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'Bengal is in dire need of industrial development'

January 06, 2014 11:55 IST

'Bengal is in dire need of industrial development'

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Probal Basak in Kolkata

Partha Chatterjee, former West Bengal industry minister, says it is a gross misconception that the government’s policy is anti-industry.

Speaking to Business Standard, Chatterjee said that things were changing in favour of West Bengal and that his successor, Amit Mitra, will perform well.

Edited excerpts:

Are you disappointed that you lost the industry portfolio?

The question of being disappointed does not arise. It is the prerogative of the chief minister to decide on the portfolios of her ministers.

She has done what she thought is right.

She is the best judge. I am first a political person and a party worker.

I never aspired to become a minister or so.

I joined the party to serve it, and that is my job.

I will continue to serve. I shall do what I am asked to do by the leadership.

As long as I am serving the party why should I be disappointed?

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Image: This file photo shows former West Bengal Governor Gopal Krishna Gandhi (2nd right) addressing a press conference as state's former Chief Minister Buddhadeb Bhattacharya (right), Trinamool Congress party chief and Chief Minister Mamata Banerjee (left) and Partha Chatterjee, former West Bengal Industry Minister, watch in Kolkata on September 7, 2008.
Photographs: Parth Sanyal/Reuters

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'Bengal is in dire need of industrial development'

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Apparently, performance has been the yardstick for this Cabinet reshuffle. How do you rate your performance as the industries minister?

It is up to the people finally to judge my performance.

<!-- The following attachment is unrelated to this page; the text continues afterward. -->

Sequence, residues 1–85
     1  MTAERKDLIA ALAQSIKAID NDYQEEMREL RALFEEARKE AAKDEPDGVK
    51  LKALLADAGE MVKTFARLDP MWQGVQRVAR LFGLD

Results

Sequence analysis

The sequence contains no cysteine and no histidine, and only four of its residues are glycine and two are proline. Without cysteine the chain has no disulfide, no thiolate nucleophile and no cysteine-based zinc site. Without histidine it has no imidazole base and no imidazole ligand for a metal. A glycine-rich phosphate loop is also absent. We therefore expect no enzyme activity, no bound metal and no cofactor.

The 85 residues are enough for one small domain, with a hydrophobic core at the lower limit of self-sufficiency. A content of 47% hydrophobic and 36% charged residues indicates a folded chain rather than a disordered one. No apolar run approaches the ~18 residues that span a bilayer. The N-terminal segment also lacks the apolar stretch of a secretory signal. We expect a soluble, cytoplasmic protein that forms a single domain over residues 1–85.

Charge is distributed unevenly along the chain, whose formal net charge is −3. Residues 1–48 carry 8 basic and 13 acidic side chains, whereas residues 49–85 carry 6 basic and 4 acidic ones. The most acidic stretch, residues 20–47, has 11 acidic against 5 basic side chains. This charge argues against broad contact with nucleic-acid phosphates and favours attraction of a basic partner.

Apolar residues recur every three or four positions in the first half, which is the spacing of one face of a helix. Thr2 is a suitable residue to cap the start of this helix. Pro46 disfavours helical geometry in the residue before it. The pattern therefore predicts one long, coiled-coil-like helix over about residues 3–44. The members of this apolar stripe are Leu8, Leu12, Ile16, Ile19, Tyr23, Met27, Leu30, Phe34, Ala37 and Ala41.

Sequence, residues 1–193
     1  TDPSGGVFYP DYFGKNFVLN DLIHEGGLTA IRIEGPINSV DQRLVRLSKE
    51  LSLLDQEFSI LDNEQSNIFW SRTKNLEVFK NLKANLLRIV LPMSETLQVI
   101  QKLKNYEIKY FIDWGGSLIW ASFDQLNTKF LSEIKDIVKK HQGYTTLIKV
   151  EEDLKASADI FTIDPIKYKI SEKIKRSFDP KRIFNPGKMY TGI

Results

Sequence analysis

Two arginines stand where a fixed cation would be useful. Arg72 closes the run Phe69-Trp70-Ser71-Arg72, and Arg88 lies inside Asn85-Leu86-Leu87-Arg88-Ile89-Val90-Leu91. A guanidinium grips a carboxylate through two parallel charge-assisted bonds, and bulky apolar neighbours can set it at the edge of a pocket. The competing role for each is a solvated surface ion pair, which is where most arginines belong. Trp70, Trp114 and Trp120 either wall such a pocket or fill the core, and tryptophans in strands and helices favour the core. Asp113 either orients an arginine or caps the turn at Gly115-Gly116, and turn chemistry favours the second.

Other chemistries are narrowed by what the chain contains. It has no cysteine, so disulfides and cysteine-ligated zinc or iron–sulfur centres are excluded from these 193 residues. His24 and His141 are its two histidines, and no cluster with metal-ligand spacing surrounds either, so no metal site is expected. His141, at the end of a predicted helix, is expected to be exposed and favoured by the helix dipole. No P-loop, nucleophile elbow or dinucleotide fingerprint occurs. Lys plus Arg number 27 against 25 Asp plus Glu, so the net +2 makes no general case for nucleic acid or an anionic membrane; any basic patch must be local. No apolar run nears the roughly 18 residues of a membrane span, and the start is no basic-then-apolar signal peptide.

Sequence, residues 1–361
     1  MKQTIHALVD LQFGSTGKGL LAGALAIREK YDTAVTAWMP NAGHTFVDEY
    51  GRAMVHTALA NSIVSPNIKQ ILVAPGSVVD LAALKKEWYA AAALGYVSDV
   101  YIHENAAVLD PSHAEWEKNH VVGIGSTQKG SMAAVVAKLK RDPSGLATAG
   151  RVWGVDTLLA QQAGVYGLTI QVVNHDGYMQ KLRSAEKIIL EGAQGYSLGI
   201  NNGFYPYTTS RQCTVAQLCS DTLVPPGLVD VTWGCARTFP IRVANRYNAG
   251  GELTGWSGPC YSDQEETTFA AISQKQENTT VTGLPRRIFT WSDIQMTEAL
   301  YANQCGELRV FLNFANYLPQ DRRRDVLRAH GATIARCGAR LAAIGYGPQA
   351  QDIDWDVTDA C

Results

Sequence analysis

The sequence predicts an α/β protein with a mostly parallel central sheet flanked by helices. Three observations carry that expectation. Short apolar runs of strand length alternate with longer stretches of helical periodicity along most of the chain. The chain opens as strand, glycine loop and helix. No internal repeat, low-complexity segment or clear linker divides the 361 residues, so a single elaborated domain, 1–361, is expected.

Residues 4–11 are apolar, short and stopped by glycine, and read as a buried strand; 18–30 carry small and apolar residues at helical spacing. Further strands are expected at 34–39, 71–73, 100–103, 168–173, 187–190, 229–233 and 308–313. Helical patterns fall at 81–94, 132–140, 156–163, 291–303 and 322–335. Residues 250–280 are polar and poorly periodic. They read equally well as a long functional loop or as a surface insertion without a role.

Everyone knows the situation when I took over. Two hundred and twenty seven investment proposals have been made.

I know people will ask about big-ticket investments.

But that order of investment takes time to come.

I have done my best to clear pending proposals.

Fresh investments have come from Matrix, Essar, Hindustan Glass and many others.

If you talk about project implementation there is a study published in a magazine that says West Bengal has improved its rank from 17th to the 5th position in terms of project implementation.

I am sure all this will vouch for my achievements.

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Image: A worker cleans a Bajaj motorcycle at a Bajaj showroom in Kolkata.
Photographs: Rupak De Chowdhuri/Reuters

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'Bengal is in dire need of industrial development'

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Is there anything you think you might have failed to deliver as the industries minister?

Industry has a lot of expectations.

They have a lot of expectations about the availability of land, better infrastructure, disbursement of various kind of sops, incentives. . . But we have a lot of challenges as well. You cannot give away everything.

In fact, not everything is in my hands. For example, take the case of the environmental ban on the industrial belt of Haldia.

There have been many cases of environmental issues coming in the way of industrial development.

I, personally, have tried my best and have written to the Centre and other agencies concerned in an effort to address such issues.

When you say everything was not in your hands, do you think some of your government’s policies had come in the way of wooing the industry?

I am fully in favour of all our policies.

I think it is a gross misconception that the government’s policy is anti-industry.

Land has been held up as a big issue.

But if there is any specific proposal, the state government is always cooperative.

The intent of the government is to help the industry.